There are few things I enjoy more than hearing music played in a different way, especially when it’s hip hop music being played by an entire orchestra. It’s like the musical equivalent of getting a new haircut, you still recognize yourself but you’re just different enough that you come in with a completely brand new…
This is great. Ben Morfitt cleverly and hilariously recorded a video of himself playing every instrument of a 70-person orchestra at the same time. It looks like he’s conducting an entire orchestra of musicians but it’s really an expertly edited cut of 70 versions of himself playing all at once.
Pain. Tears. Hurt. Agony. Numbness. Burning hell. When an entire orchestra decides to make the questionable life decision to all eat the world's hottest chili peppers at the same time and then perform a song, all of that and more happens to them. For us watching though? It's just funny as hell.
Last week, at a former bodega in Alphabet City, food designer Emilie Baltz and smart object designer Carla Diana conducted the second performance of their "Lickestra"—a "musical licking performance" involving conductive ice cream cones, four volunteers, and a pre-recorded soundtrack of peculiar tones and baselines…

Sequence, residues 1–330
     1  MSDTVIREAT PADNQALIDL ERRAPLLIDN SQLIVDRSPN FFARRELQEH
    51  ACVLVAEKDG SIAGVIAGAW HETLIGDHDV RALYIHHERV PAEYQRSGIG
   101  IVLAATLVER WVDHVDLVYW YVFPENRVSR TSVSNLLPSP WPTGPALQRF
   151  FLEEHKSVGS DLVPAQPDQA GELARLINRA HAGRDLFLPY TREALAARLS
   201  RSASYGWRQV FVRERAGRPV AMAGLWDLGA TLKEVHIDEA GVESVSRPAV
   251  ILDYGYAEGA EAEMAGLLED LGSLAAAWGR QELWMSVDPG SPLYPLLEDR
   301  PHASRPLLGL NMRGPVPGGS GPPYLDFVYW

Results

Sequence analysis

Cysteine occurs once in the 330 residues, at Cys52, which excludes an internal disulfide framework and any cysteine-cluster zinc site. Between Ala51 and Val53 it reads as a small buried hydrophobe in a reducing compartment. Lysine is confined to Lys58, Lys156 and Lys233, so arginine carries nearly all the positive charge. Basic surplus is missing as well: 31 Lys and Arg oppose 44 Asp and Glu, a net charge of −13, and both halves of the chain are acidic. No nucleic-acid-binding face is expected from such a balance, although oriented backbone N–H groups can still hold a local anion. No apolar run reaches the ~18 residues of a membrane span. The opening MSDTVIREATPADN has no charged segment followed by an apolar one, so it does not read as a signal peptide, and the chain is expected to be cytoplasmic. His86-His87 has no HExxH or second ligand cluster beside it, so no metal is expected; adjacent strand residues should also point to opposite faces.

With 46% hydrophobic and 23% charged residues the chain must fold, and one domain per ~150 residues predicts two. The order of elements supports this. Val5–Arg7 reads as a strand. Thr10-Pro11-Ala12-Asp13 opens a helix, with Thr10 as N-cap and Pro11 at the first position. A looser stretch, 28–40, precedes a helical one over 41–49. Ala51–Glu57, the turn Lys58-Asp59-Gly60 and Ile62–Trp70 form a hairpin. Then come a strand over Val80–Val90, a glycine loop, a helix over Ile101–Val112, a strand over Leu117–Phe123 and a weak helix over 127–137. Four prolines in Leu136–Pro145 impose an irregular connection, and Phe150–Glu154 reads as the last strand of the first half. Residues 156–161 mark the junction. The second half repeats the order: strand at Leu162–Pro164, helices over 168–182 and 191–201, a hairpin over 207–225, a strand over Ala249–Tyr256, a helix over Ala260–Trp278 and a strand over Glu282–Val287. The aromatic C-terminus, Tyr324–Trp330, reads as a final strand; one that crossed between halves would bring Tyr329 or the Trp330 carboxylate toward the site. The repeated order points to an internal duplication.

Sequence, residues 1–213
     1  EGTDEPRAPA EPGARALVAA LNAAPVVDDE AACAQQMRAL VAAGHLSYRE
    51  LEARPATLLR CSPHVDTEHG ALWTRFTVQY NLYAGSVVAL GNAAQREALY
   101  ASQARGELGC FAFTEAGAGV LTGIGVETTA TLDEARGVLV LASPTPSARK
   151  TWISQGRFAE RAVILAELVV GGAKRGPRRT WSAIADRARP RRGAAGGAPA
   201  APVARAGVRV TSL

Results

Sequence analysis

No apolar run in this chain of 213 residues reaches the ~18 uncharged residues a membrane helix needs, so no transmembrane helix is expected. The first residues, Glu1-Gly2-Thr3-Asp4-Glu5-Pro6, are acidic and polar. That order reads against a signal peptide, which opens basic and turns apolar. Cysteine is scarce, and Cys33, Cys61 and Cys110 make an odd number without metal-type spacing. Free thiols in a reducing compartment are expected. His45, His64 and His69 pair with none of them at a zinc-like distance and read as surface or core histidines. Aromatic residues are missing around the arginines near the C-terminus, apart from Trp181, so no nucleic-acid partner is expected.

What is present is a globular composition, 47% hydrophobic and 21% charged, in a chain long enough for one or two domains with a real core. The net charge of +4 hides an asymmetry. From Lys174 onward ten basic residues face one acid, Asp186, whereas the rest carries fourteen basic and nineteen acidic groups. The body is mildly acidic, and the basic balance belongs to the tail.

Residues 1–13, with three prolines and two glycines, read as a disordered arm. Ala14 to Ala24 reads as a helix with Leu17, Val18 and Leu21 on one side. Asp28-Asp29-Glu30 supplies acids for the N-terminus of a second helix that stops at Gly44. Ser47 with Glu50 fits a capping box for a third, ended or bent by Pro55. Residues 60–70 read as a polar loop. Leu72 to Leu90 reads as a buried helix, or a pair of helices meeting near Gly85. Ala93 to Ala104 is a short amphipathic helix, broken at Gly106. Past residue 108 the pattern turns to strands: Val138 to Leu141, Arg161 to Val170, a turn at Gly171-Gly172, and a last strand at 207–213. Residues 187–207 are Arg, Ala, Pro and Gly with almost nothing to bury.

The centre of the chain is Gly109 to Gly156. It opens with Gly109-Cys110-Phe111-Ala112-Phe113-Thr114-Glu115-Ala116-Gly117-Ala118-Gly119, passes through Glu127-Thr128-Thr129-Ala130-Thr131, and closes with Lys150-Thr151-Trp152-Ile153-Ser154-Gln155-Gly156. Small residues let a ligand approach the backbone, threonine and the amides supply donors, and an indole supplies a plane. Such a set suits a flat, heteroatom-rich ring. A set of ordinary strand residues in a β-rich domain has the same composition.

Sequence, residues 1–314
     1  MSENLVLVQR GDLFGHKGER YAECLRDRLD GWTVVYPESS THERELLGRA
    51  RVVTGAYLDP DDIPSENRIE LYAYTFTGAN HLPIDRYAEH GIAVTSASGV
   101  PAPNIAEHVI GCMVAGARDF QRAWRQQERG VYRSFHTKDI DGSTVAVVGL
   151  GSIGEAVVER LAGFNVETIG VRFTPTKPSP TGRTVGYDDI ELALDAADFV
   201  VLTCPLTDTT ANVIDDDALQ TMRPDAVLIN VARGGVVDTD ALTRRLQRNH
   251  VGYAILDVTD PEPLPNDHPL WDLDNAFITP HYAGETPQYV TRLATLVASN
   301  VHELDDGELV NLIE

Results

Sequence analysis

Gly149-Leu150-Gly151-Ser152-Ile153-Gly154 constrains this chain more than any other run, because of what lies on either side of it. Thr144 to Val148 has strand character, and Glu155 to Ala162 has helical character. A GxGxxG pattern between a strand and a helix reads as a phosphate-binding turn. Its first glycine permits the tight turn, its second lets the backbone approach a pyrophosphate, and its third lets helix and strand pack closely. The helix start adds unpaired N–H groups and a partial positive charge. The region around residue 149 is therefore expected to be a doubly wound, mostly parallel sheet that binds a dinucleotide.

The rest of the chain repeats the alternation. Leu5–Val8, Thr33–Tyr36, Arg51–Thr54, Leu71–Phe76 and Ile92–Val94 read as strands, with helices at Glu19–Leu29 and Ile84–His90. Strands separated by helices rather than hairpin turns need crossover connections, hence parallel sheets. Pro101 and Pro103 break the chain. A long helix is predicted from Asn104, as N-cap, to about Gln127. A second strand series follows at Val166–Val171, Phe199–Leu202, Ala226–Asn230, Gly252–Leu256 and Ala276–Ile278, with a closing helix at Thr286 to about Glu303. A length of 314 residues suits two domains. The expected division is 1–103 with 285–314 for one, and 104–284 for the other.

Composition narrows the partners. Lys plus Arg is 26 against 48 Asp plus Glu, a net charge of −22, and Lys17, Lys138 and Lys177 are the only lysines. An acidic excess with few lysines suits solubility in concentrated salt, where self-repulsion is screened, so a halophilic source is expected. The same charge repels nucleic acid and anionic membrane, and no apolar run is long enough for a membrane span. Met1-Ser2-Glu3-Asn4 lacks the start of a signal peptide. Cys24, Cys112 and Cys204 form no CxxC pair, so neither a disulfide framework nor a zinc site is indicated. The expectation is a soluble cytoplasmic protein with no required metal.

Take a peak at the screen behind this small "Heart Chamber Orchestra." Those visuals are generated by a series of electrocardiograms and wires attached to the musicians. Their heartbeats create the visuals, which become increasingly powerful as the piece unfolds.
The Heart Chamber Orchestra is a stirring audiovisual project, involving an orchestra that generates its own musical score (and accompanying visuals) in realtime. The catch? The source of the music is the heartbeats of the orchestra's own members.
For $27, you can pre-order a mini orchestra in a CD case. Unlike a normal CD, where you pop it into a player, you just plug your headphones into the case and listen. Albeit, try to "listen."
The Street Orchestra iPhone app is like a simple version of Rock Band that lets you play classical music with up to 200,000 synched iPhones. Simple, classy, and free.
Here's an oldie but goodie to start your morning. Seems that with a little bit of time, a duffel bag's worth of gadgets, and a Belkin headphone splitter, one could create a satisfying little hook.
The Absolut Quartet is an impressive electromechanical sculpture, which was put together by Dan Paluska and Jeff Lieberman. Using ping-pong ball cannons to play a marimba, robot fingers to tinker wine glasses and a central computer to control, well, the whole lot, the two creative minds have created the first—to our…